Hoax is such a flimsy word, far too feeble to describe the wickedness of which the Heenes, Richard and Mayumi, now stand accused. Theirs was sleight of hand for the soul: now we see it, now we don't; now we watch in horror and fear for their child's life, a 6-year-old boy, frightened, cold, lost in the clouds; now we learn he was up in the garage attic with snacks, while Mom and Dad auditioned for their 15 minutes of fame.
What would be the proper punishment for parents who used their child's safety as bait, then reeled us all in, calling the TV station even before the police? And how did they imagine this would end? They may have attended acting classes, but children have an acidic honesty that has a way of dissolving even the most artful adult deceptions. Storm chasers? They have no idea the gale forces coming their way.
It was Oct. 15, a Thursday afternoon, when anyone watching TV news had to stop whatever they were doing and shudder. The giant, silver, Jiffy Pop balloon was climbing higher over Larimer County, Colorado, and on the ground a 10-year-old boy named Bradford Heene had told the sheriff that his little brother Falcon was inside. Falcon? Was some Greek narrative poet scripting this tragedy? Their father Richard longed to live large, a scientist, storm chaser, wife swapper, aspiring reality-TV star. He had built the vessel in the backyard; they called it his "flying saucer."
Police officers and National Guard troops and volunteers fanned out in every direction; TV helicopters turned and circled overhead in the widening gyre. There were power lines to worry about; some planes heading into Denver were rerouted. The cable-news anchors called in experts to speculate about how high the balloon might drift, how cold it could get inside, how fast it might fall, the odds Falcon would suffer hypoxia, or worse. But the only thing you could think as you watched, was how frightened that child had to be, how crazed with fear his parents, and how there seemed no way that this could end well.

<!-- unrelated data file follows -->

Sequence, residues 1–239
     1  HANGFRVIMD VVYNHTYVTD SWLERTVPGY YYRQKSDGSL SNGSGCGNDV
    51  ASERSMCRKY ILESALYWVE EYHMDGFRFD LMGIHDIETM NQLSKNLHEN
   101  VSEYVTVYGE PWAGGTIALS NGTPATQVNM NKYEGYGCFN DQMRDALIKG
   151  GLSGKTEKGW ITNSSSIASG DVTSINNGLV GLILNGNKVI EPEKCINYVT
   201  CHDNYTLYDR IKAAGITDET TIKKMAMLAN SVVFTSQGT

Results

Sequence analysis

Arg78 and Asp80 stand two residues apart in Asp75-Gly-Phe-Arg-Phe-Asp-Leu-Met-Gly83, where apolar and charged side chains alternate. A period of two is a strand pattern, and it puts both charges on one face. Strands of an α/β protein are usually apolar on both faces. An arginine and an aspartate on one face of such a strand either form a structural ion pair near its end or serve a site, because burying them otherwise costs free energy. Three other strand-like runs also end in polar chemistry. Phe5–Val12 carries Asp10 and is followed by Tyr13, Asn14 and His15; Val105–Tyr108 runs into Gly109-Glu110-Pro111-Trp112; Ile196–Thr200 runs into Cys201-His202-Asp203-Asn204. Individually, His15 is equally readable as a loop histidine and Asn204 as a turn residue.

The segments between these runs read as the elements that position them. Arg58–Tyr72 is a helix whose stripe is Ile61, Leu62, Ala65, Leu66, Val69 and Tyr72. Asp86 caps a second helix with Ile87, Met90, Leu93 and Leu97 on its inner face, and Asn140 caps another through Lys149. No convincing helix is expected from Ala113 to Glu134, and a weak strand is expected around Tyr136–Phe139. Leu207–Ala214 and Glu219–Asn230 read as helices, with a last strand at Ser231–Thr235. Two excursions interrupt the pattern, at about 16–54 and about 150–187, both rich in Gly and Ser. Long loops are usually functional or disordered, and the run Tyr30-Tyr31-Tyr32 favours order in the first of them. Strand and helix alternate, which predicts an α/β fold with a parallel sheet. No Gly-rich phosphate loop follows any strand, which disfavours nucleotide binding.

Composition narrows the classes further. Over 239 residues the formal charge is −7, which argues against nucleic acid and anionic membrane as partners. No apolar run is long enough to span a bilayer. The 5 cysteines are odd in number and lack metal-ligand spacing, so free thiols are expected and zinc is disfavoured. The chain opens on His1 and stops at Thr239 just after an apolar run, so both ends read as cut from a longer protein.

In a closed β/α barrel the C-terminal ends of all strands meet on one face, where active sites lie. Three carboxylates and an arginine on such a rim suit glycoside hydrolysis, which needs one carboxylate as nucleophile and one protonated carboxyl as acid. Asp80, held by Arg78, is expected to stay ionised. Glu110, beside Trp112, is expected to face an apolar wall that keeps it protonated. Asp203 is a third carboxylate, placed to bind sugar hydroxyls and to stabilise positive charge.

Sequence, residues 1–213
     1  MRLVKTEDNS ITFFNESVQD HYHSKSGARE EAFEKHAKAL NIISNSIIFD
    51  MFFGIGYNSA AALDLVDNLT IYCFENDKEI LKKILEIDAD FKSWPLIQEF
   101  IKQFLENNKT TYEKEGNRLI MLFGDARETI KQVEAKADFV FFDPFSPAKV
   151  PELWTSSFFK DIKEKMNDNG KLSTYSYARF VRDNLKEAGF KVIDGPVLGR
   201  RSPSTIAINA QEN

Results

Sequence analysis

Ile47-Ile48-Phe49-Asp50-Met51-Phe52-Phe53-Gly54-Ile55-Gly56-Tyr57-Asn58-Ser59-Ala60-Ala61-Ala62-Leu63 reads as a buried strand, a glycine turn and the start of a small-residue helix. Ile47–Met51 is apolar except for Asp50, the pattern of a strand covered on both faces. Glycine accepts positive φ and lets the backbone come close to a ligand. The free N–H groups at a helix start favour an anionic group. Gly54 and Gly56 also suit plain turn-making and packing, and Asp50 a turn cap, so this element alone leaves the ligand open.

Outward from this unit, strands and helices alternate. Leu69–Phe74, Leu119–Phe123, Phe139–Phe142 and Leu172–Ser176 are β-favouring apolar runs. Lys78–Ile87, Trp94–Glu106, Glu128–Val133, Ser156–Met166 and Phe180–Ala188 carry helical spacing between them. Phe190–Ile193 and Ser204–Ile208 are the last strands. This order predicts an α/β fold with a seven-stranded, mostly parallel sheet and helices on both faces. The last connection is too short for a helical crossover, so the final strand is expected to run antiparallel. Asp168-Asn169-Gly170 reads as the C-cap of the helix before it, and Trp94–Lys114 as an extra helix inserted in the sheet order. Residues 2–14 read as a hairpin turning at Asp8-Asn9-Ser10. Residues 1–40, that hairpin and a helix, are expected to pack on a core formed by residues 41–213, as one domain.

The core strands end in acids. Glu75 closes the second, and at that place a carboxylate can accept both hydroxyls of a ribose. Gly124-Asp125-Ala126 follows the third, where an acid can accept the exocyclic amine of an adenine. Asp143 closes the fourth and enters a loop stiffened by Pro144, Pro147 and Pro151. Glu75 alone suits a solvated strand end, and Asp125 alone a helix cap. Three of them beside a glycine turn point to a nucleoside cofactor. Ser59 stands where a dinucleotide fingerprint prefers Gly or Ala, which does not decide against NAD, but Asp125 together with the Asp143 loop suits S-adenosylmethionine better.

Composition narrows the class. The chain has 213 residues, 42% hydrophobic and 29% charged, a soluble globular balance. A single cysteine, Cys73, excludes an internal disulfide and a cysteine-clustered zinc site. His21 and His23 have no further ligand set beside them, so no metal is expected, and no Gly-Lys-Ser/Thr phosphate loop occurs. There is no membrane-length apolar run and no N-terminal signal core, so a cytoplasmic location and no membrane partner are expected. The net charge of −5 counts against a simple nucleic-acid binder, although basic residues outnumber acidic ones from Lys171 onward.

In that, at least, there was a glimmer of truth. When the balloon landed in a soft, freshly ploughed field north of Denver International Airport, there was a leap of hope; when the rescuers found no one inside to rescue, a second, sinking fear took old. Had Falcon fallen out, or tried to jump; would his body be found broken somewhere near his house?
It says something about either our goodness or gullibility, or both, that when Falcon was found to have been hiding out in the attic the whole time, we still sought the gentle explanation. Maybe it was an accident? He'd unleashed the balloon and then hidden out, for fear of getting in trouble. On Oct. 16, Larimer County sheriff Jim Alderden announced that he was "convinced" the parents were telling the truth about thinking their son was truly in peril; so were many other people when they heard the frantic father and sobbing mother on the 911 call. But this time it may have been police who were laying the bait, winning the family's confidence by appearing to believe them, even as they lured them toward confession.
"We have evidence to indicate it was a publicity stunt," said sheriff Alderden on Sunday afternoon at a news conference in Fort Collins, Colo., "done with the hope of marketing themselves to a reality-television show sometime in the future." Officials had interviewed the parents and children separately, searched the home and computers and financial records. But by then we already knew. We had watched the family ricochet from one talk show to the next like marbles in the pinball machine, tripping the lights, ringing the bells, savoring the spotlight until the moment on Larry King Live when Richard asked Falcon why he hadn't come down from the attic when called, and the child murmured, inconceivably, devastatingly, "You guys said that, um, we did this for the show."
For another chance to appear on Wife Swap maybe? Or the new show Richard was trying to develop, called Richard Heene: Science Detective? When it was the morning shows' turn to ask what had really happened, Falcon left the screen to go be sick; eventually he vomited on camera on Good Morning America. Richard, insisting this was no hoax, on Oct. 17 announced he would only answer questions submitted in writing and left in a cardboard box outside his home. It turns out that he and his wife had met at the Lee Strasberg acting school in Los Angeles. ABC News quoted his former business partner Barbara Slusser saying that he often put his kids in harm's way: "The last straw for us," she said, "was when Hurricane Gustav and Hurricane Ike were heading toward the Texas coastline and Heene wanted to go back there and take the kids."
The sheriff was looking into charges of conspiracy, contributing to the delinquency of a minor, false reporting to authorities and attempting to influence a public servant. "Needless to say, they put on a very good show for us and we bought it," sheriff Alderden said. The Heenes could face six years in prison and a $500,000 fine on each of two felony counts. In the meantime, we can thank all the people who tried to help a child they thought in trouble; and pity those children; and pity, especially, the next child who needs our help, if we pause and wonder if the screams we're hearing are for real, or for reality.